Last updated: June 7, 2020

Higher order Fourier analysis

Terence Tao

Graduate Studies in Mathematics, 142

American Mathematical Society, 2012

ISBN-10: 0-8218-8986-9

ISBN-13: 978-0-8218-8986-2

This continues my series of books derived from my blog. The preceding books in this series were “Structure and Randomness“, “Poincaré’s legacies“, “An epsilon of room“, “An introduction to measure theory“, and “Topics in random matrix theory“.

An online version of the text can be found here. It is based primarily on these lecture notes.

Errata:

- Page ???: In Exercise 1.1.17, should be .
- Page ???: In Exercise 1.1.20, should be .
- Page ???: after (1.9), “left-hand side of (1.8)” should be “left-hand side of (1.9)”.
- Page ???: Near the start of Section 1.3.2: the should be elements of rather than . “equilently” should be “equivalently”.
- Page ???: In Exercise 1.3.8, should be .
- Page 98: In the definition of a nilpotent filtered group , the additional hypothesis that is also nilpotent is required (this is automatic in the most important case , but not in general).
- Page 100: In the first paragraph, replace “starting from a point” with “starting with the base group , which is a point in the most important case “. Similarly, after Exercise 1.6.14, replace “starting from a point” by “starting from the base space , which is a point in the most important case “.
- Page 109: In Exercise 1.6.22, the argument indicated only works under the stronger hypothesis that are linearly independent modulo 1 over the integers. (To handle the general case, one either needs the more complicated quantitative (single-scale) relative van der Corput lemma in my paper with Green, or else rely on the ergodic theorem as was done in the paper of Leibman.)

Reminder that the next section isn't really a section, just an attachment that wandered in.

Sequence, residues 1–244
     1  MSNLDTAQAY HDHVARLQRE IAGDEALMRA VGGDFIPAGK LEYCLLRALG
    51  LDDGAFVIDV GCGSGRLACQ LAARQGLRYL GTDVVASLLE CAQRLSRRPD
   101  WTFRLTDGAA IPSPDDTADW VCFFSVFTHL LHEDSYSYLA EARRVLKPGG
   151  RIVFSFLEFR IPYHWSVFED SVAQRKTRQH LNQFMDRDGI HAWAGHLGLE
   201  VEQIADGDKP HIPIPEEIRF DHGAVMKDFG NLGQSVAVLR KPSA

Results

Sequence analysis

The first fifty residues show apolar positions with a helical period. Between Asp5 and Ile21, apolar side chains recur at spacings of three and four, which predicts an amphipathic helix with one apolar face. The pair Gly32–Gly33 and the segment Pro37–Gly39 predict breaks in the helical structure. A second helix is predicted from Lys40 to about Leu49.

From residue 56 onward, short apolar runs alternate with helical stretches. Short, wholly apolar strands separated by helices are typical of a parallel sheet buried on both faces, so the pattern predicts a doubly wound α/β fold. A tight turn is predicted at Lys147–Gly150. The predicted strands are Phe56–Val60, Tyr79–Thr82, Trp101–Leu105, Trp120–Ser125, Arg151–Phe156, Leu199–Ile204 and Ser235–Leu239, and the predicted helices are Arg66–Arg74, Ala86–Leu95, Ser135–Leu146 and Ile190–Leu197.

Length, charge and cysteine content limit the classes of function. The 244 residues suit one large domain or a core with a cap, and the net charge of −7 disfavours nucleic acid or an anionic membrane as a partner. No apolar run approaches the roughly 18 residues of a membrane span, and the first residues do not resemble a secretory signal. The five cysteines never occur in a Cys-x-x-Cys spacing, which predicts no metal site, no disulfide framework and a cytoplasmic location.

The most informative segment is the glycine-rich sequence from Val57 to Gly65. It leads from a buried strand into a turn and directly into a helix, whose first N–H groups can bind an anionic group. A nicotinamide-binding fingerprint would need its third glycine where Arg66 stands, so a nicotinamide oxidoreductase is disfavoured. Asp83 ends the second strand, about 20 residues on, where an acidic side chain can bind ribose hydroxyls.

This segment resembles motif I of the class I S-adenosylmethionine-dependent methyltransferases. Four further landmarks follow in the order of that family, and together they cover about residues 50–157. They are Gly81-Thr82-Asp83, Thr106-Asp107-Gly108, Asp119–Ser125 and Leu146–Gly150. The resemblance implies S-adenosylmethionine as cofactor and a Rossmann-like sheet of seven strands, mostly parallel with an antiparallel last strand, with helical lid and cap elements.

Thanks to farlabb, Ben Green, Abishek Khetan, and Pavel Zorin for corrections.

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30 March, 2011 at 9:34 am

Higher order Fourier analysis « What’s new[…] finished writing the first draft of my thirdbook coming out of the 2010 blog posts, namely “Topics in random matrix theory“, which was based primarily on my graduate course in the topic, though it also contains […]

30 March, 2011 at 5:31 pm

eigenlambdaThanks! I’m a little past graduation, not yet in grad school, so I’ve been trying to figure stuff out on my own. Your previous measure theory book was incredibly helpful, and also all the lecture notes. And now something new! Christmas has come early this year indeed.

1 March, 2012 at 4:02 am

Non-Uniform Random Variate Generation and Fourier Analysis Textbooks | Multiply Leadership[…] the engineer looking for some technical background on Fourier analysis, see these free resources from Fields Medal winner Terry […]

29 September, 2015 at 11:08 am

PurpleHi Terence ! I am an undergraduate student studying physics. I have been figuring out stuff on my own .. But sometimes you get stuck :'( . I have been studying Fourier analysis.. Could you recommend me some really good material and how to go about understanding it .

21 August, 2019 at 6:28 am

mathématicien jeuneDear Prof. Tao,